Misbah-ul-Haq: The lone drone against an army
The most intriguing thing about cricket is its ability to churn out talent after talent. If Don Bradman retired, another legend arrived in the name of Allan Border. If Sachin is about to leave, Virat Kohli is raring to take his place, his fame and what not. In the end, it’s not about what you achieve; rather, it is the legacy that you leave behind takes precedence once you leave the scenario.
Misbah-Ul-Haq is not a legend by any means, but has carved a niche for himself in the vast and competitive world of cricket. His fluidity, the calming presence and the ability to grind has held him in good stead over the years. A late bloomer, Misbah has made the most of the chance that was bestowed upon him.
The oldest one day player around in international cricket, he is mocked for the defensive strategy that he brings with his batting. Often being called ‘tuk-tuk’ in a mock reference to his slow paced batting, Misbah-Ul-Haq, the enigmatic skipper of Pakistan is a source of inspiration for many.
Recently I came across this comment in a MS Dhoni fan page where some Pakistani fans wanted to exchange Dhoni for Misbah, rueing on how they lack a dynamic and performing skipper. How foolish could they be! I admit that MS Dhoni is a better cricketer overall, but I firmly believe that Pakistan could not be led by a better skipper at this juncture. There are upcoming youngsters and some of the seniors are barely keeping their place on the team.
Having been dropped and reconsidered for most of his career, Misbah does not want to call it quits. In fact, he has suggested that he is ready to keep playing until form and fitness pushes him out of competitive cricket.
In a team that has been constantly marred by match-fixing scandals, Misbah could be called the only ray of hope. After the spot-fixing scandal broke out, Shahid Afridi was handed over the captaincy and he quickly realized that it was a throne made of thorn. The team constantly engaged in internal politics and back-door lobbying which pushed a straight-forward man like Afridi out of the team.
It was then Misbah came in to the bigger picture. Having been consistent with the bat, Misbah was handed over the captaincy and he was successful immediately. A surprise candidate for captaincy, Misbah ensured that the team was behind the scandals and concentrated on building a team for the future. Being appointed as the captain at a relatively older age of 36, critics did not expect much from him.
Misbah-Ul-Haq made his debut in the year 2001. A highly successful team at that time, Pakistan had some extraordinary cricketers in their ranks. Misbah was washed away in the tide, lack of temperament being his enemy. He was in and out of the side for the bulk of his career before making a permanent mark in the 2007 T20 world cup.
The irony of watching him play those bizarre scoops couldn’t be more transparent as that side of Misbah is rarely seen today. He reminds me of MS Dhoni in many aspects. Dhoni, who was once a pinch-hitter, moulded his game to suit the needs of his team. Likewise, Misbah has completely transformed from his 2007 exploits, lending a new dimension to his cricketing acumen.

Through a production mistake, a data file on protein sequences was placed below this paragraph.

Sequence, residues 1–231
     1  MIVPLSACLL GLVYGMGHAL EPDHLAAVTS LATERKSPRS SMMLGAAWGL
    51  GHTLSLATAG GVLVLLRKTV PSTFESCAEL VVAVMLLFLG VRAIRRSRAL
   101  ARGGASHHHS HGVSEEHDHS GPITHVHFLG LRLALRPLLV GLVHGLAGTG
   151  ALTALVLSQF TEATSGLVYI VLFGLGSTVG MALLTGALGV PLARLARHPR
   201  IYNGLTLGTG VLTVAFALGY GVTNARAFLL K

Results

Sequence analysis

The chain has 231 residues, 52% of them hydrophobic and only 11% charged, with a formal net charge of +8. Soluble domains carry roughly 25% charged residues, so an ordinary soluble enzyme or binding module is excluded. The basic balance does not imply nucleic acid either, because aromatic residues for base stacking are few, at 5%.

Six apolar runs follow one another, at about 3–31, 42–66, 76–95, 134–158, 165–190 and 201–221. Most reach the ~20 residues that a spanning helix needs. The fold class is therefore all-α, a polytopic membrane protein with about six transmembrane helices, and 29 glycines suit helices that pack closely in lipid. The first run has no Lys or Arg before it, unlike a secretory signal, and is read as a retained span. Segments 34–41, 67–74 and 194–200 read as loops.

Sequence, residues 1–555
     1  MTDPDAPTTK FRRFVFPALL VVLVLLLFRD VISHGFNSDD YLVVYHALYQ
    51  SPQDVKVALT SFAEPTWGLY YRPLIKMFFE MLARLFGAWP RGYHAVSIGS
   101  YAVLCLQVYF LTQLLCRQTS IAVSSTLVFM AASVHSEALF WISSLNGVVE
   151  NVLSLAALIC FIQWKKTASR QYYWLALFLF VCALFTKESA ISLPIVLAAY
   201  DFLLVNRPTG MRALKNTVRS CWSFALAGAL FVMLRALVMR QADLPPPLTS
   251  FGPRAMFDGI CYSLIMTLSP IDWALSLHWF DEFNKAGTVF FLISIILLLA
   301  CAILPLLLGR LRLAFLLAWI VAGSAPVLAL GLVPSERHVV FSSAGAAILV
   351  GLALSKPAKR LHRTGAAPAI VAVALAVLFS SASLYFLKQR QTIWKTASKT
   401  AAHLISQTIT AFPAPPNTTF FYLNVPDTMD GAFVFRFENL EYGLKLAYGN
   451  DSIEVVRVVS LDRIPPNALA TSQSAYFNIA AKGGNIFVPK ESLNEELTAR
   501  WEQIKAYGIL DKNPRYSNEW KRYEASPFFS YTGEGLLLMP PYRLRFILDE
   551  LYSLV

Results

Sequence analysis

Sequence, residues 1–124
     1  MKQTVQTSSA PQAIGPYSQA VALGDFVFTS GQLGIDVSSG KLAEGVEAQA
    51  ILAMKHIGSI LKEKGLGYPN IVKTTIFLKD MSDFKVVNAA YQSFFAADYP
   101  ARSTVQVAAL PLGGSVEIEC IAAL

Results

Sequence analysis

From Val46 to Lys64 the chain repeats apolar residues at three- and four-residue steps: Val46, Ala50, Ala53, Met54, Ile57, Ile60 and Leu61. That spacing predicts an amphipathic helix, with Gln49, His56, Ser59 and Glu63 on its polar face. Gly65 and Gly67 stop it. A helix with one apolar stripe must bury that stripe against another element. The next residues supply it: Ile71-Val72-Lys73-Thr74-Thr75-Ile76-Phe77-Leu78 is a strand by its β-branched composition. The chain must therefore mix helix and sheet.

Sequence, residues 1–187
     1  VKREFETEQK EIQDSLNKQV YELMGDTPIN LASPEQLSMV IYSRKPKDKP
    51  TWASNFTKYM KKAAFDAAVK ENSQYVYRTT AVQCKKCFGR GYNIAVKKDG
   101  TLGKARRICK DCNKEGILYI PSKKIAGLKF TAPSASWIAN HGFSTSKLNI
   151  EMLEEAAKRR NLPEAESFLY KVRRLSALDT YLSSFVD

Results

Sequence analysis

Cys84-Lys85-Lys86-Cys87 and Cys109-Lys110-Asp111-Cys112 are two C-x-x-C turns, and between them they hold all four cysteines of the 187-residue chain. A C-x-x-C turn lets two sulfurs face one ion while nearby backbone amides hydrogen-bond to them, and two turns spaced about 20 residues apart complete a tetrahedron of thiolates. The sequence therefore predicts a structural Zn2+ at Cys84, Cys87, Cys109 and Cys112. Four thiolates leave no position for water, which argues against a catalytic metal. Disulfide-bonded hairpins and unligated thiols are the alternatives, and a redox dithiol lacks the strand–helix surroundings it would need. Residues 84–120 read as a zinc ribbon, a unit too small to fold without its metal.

Having shed his tag of pinch-hitter, Misbah has evolved over the years as the anchor of the Pakistani middle order. The general situation on Misbah’s entry into any match would be mostly at 30-3. In other words, he used to walk-in to bat when the team was looking down the barrel with the loss of early wickets. Misbah’s qualities lie in his appropriate use of the resources available to him. He carefully scrutinizes the situation, slowly getting into rhythm by playing those cheeky little singles and doubles.
When Misbah faces more than twenty balls, then the opponents should be mentally prepared to grind hard to acquire his wicket, because once he sets in, he seldom plays a false stroke. He would make sure that the scorecard is honourable enough before taking the long walk back.
Recalling his exploits, he would still be feeling terrible about the bizarre shot he attempted and got out to in the 2007 T20 world cup final. Pakistan had to chase a competitive total in front of a huge crowd, probably one of the liveliest crowds ever seen in the history of the game. Every India-Pakistan match is celebrated like a festival, fought like a battle and the loss, mourned like the death of our dearest. Such an encounter in the finals would be the perfect icing on the cake for Misbah. He would have fancied his chances of cementing his place in the side, once and for all.
But fate had its own ideas, or rather; it was a result of his unkempt invention at the wrong time. Misbah brought back a lost match to life with his skilful shot making capabilities. At one point, Pakistan was almost cruising before he committed that blasphemy. That one foolish shot that destroyed the resistance that he gradually built, restoring faith in every Pakistani. That moment shattered it all as he scooped a catch to Sreesanth at fine-leg, handing over a golden chance to score over their arch rivals.
From then, it has been a roller coaster ride for the warrior who has taken upon the responsibility of shepherding an unruly side. He has given the Pakistani fans something to cheer about, with his dogged batting skills and shrewd captaincy tactics. It is absolutely warming to see how Misbah has encouraged youngsters like Nasir Jamshed and Umar Akmal, handing them critical responsibilities and making them perform to the fullest potential.
Unrelenting as he is, he is a true champion; a saviour for the controversy stricken Pakistani team!